Matherson appreciated how desperate many of the town’s inhabitants would get when left without food. He pulled out his guns, coached his daughters how to use them, and had a plan in place to ensure everyone knew what to do in the event of a break in. Matherson’s prescience kept his family protected and secure.

Collaboration and Cannibalism

Matherson and the rest of Black Mountain’s leaders need to find allies as law begins to erode. They work to develop an alliance with the neighboring Asheville, only to disappointingly come away without a mutually beneficial agreement. The Black Mountain leaders therefore need to rely more heavily on themselves. They build a militia of college students to protect against outside threats, which rumors suggest grow nearer with each passing day. A townsperson bore witness to a cult-like collection of people called “The Posse” slaughtering and feasting on other humans. The people of Black Mountain will not let the town fall without a fight, so they ready for battle.

Primeval Nature

War breaks out in Black Mountain, which takes both a physical and mental toll on the survivors. I won’t spoil the outcome, but I’ll instead touch upon the psychological effects of disaster Forstchen so beautifully illustrates. In times of bitter distress, people devolve into their most primitive states. Food, water, family, and shelter are all that are valued, and people will kill for each. At the community level, horrific decisions about who lives and who dies need to be made. I argue that in circumstances like in the aftermath of an EMP, we can become increasingly more inhuman. Forstchen’s narrative is an incredibly gripping description of such circumstances that we can both learn from and enjoy.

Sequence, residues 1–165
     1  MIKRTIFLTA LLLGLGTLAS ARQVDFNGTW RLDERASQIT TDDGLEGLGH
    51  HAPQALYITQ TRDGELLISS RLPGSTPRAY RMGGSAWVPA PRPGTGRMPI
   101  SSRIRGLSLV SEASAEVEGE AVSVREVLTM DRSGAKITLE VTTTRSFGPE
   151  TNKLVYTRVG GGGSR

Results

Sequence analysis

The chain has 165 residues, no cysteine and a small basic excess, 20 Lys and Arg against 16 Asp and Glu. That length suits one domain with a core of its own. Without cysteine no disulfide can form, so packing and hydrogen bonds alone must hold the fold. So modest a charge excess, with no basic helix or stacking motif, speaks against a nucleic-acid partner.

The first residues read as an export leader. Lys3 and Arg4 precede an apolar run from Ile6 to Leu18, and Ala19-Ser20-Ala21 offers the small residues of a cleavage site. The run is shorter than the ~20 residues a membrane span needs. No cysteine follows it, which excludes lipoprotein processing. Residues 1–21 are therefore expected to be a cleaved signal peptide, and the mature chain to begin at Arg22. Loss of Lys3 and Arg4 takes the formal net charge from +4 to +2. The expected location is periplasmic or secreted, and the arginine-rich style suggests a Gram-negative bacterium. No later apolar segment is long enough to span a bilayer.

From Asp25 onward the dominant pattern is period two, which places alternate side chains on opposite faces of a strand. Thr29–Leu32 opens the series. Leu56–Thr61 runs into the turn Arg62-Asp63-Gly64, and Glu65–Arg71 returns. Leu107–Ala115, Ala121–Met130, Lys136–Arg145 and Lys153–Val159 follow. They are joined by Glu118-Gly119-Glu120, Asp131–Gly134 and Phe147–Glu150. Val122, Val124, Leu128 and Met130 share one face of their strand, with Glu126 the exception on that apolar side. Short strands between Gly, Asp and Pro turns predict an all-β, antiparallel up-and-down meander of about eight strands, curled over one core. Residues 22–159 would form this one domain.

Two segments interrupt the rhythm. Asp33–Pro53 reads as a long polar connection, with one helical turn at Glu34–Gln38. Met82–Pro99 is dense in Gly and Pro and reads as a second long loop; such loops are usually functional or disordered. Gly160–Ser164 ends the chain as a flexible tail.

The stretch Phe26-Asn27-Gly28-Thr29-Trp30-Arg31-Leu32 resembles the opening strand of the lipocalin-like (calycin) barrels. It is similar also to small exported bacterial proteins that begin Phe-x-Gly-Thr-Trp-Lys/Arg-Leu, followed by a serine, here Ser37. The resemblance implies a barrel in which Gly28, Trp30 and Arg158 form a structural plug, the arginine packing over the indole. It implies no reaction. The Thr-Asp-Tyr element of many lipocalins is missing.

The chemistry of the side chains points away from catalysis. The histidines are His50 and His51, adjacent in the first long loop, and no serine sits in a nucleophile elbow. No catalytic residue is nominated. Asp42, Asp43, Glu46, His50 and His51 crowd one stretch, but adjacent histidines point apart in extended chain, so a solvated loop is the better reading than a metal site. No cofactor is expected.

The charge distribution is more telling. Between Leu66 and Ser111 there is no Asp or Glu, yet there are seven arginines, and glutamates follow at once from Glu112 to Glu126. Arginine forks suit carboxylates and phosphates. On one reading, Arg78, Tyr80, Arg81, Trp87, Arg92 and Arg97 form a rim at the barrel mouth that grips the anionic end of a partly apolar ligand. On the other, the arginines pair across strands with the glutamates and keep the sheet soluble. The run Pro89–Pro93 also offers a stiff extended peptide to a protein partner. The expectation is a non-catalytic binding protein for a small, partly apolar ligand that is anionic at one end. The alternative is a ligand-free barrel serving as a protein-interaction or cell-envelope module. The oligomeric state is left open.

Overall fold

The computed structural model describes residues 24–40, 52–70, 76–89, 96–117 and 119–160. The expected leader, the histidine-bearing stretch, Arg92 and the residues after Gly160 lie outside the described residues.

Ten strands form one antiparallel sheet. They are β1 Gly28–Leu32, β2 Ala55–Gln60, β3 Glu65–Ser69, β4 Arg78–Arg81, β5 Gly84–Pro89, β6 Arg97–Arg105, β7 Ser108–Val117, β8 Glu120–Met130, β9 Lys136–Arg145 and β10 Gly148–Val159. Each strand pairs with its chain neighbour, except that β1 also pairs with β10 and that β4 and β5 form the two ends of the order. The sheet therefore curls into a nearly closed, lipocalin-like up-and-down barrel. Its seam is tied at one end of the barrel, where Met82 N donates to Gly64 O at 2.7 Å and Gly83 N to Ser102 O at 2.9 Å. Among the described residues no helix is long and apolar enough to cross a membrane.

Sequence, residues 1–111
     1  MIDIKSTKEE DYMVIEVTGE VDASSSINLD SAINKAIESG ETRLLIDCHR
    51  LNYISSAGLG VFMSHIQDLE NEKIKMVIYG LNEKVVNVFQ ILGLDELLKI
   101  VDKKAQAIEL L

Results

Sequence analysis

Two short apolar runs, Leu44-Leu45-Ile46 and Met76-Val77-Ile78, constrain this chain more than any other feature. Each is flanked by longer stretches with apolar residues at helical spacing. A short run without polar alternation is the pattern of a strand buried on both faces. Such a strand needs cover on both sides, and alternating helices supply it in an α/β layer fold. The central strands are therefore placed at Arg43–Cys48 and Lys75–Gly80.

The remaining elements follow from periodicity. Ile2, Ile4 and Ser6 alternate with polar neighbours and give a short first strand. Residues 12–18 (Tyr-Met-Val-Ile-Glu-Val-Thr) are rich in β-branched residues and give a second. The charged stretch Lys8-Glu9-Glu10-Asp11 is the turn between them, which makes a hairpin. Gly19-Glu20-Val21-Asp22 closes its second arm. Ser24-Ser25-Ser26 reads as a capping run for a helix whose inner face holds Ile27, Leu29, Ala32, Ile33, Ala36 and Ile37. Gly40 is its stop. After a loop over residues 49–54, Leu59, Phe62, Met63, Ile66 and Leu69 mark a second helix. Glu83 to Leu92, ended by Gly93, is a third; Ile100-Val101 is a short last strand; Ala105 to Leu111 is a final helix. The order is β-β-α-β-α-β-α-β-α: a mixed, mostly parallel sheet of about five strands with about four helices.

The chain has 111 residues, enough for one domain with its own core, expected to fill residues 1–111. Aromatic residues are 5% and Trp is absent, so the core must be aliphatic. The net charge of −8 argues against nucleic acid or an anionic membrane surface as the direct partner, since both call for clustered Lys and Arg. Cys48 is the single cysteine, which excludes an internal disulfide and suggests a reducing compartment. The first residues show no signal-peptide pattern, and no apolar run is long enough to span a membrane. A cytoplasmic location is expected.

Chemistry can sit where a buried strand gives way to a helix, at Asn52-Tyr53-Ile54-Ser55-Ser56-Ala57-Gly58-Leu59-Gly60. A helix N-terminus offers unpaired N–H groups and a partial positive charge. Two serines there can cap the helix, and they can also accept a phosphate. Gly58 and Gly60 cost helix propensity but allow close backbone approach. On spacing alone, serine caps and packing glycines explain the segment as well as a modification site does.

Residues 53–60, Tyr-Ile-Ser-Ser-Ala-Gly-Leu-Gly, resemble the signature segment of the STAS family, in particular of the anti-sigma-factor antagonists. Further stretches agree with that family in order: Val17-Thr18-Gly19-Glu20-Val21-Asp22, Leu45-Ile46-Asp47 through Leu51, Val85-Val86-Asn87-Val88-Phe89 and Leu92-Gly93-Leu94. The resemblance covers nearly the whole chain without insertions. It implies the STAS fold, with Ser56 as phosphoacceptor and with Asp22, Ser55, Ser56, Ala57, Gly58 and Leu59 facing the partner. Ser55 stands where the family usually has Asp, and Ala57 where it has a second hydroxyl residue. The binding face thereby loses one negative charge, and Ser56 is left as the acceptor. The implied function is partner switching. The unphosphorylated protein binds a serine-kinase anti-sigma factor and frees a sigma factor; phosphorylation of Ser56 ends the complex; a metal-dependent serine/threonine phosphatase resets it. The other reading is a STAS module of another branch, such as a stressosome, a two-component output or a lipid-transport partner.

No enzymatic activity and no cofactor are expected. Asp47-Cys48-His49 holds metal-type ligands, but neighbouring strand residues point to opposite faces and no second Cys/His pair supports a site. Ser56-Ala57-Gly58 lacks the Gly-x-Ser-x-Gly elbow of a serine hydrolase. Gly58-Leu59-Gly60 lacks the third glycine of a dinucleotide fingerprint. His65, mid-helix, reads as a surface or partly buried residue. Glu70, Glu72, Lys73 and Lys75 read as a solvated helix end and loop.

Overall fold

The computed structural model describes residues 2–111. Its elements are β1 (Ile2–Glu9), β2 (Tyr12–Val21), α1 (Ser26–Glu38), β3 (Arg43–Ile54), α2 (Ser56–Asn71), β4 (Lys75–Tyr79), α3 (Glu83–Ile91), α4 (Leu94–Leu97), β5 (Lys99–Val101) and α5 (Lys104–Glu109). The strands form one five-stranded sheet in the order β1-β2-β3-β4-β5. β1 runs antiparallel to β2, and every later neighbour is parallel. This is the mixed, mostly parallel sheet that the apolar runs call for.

If you’d like to chat further about the book, feel free to contact me or leave a comment in the comment section. You can read my review of Forstchen’s sequel, One Year After, right here. You can also find other Forstchen books in the Bunker Basics Store.

One Second After Book Review